45" X 51.75"
Frank Howell, 1937 - 1997
A well-known Southwest painter, print-maker and gallery owner, he did finely rendered, etching like portraits of time-worn Native Americans. His goal was to depict the dignity of his subjects. He was born in Sioux City Iowa and raised in a small home overlooking the Missouri River. He studied art and writing at the Unviersity of Northern Iowa and taught high school in Iowa. In the late 1960s, he moved to Colorado and opened Breckenridge Galleries. After living briefly in Taos and Colorado, he opened the Howell Gallery in Santa Fe. He was an accomplished photographer, and writer of an art computer program.
Frank Howell was described as "having the remarkable ability to make a person feel that, for a moment in time, they were the most important person in his life. Understand that painting is a wonderful kind of mirror that reflects the inner you, not your external appearance. You will have a sense of a kind of timelessness, a humanness the poetics in all things."
Frank Howell's work is described as a fusion of the physical and spiritual worlds, the continuum of life. Whether he is painting an Indian face or a landscape, there is a sense of evolving; an evolution of past, present, and the dawning of the future.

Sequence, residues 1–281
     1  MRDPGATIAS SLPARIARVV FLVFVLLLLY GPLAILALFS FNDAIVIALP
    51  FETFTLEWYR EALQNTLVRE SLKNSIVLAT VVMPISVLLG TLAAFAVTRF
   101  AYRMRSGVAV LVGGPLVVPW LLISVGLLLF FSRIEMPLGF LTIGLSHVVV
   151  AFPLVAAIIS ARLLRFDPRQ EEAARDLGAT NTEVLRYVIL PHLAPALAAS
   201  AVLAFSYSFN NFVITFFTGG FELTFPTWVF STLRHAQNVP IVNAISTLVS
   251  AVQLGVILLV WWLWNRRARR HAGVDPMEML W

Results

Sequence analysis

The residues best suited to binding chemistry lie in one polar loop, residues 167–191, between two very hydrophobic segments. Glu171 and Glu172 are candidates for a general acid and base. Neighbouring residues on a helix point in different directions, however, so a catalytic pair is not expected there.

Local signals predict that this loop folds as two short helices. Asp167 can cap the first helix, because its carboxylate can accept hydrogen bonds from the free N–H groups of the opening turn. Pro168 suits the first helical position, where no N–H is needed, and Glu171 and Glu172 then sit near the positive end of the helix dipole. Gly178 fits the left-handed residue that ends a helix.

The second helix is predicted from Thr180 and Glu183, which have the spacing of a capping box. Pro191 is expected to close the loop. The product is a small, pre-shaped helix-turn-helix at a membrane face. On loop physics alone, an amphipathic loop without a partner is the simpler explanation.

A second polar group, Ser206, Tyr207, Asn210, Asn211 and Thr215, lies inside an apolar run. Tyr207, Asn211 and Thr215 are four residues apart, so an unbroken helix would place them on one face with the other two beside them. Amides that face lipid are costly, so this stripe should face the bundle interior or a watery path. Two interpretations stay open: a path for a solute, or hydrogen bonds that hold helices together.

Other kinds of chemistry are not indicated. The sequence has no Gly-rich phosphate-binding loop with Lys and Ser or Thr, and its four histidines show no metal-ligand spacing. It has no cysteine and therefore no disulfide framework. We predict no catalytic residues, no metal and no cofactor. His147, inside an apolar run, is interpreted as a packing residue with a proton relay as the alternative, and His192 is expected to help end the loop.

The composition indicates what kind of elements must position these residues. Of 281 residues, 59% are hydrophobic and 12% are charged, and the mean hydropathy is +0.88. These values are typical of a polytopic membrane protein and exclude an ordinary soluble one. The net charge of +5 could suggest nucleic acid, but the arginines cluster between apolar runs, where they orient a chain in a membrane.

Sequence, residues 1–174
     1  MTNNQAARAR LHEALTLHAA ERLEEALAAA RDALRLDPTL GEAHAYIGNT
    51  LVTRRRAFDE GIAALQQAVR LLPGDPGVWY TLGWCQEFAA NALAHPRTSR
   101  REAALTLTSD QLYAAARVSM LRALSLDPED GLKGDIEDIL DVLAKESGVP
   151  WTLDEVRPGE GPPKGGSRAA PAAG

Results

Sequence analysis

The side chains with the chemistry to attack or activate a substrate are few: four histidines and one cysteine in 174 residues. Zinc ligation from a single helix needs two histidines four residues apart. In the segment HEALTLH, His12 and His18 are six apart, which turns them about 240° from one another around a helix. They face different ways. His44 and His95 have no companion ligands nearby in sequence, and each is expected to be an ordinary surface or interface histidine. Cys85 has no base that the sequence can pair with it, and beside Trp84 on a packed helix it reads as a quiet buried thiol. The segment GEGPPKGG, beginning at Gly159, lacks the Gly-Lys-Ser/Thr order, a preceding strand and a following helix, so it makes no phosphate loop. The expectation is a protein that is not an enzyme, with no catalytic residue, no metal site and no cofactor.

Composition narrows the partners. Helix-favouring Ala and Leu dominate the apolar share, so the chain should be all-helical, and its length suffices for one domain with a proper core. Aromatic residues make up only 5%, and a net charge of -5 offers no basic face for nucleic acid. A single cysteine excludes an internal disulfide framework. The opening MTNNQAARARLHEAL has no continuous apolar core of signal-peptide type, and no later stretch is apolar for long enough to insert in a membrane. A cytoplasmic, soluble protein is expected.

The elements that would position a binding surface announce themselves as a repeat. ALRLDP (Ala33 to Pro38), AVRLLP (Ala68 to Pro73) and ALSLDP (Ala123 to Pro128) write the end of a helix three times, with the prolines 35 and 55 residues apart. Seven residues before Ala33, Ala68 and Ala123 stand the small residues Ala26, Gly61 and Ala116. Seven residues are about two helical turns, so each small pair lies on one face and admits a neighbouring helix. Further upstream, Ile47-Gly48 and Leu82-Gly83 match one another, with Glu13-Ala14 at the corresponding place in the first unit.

"My work is very representational in some respects, and it's kind of explosive and expansive in other respects. I combine these directions, and, really, that's what has been accepted as the uniqueness in my work-it's at the same time contemporary and traditional."
Subtle earthy colors and sensitive draftsmanship bring to life this philosophical reality.
Howell views lithography as a painter's print medium because of its ability to reproduce the kinds of subtle gradation of values and tonality which are most similar to the variations drawing and paint can provide.
"My first concepts of a print were in terms of painterly processes. Progressively, as I have gained experience and knowledge, my ideas and approaches to conceptualizing those ideas are more in keeping with the qualities particular to lithography. The delicate washes, crayon textures and soft pencil lines so unique to the medium have become useful and integral ingredients in the formation of my images. I believe that through the communion between the tools, materials, and qualities of lithography and my sensibilities, beauty may be born. It is the communion and my awareness of its potential that perpetuates my search."
Howell's list of credits is extensive. A drawing series, "Past Winds," created in 1975, captured the attention of viewers in galleries, universities and museums throughout the nation. He has had over 30 one man shows including a display of lithographs at the Museum of Modern Art in Guadalajara, Mexico. Howell has been the subject of profiles on television, radio and in newspapers and magazines.
"Reunion" by Frank Howell Serigraph Print
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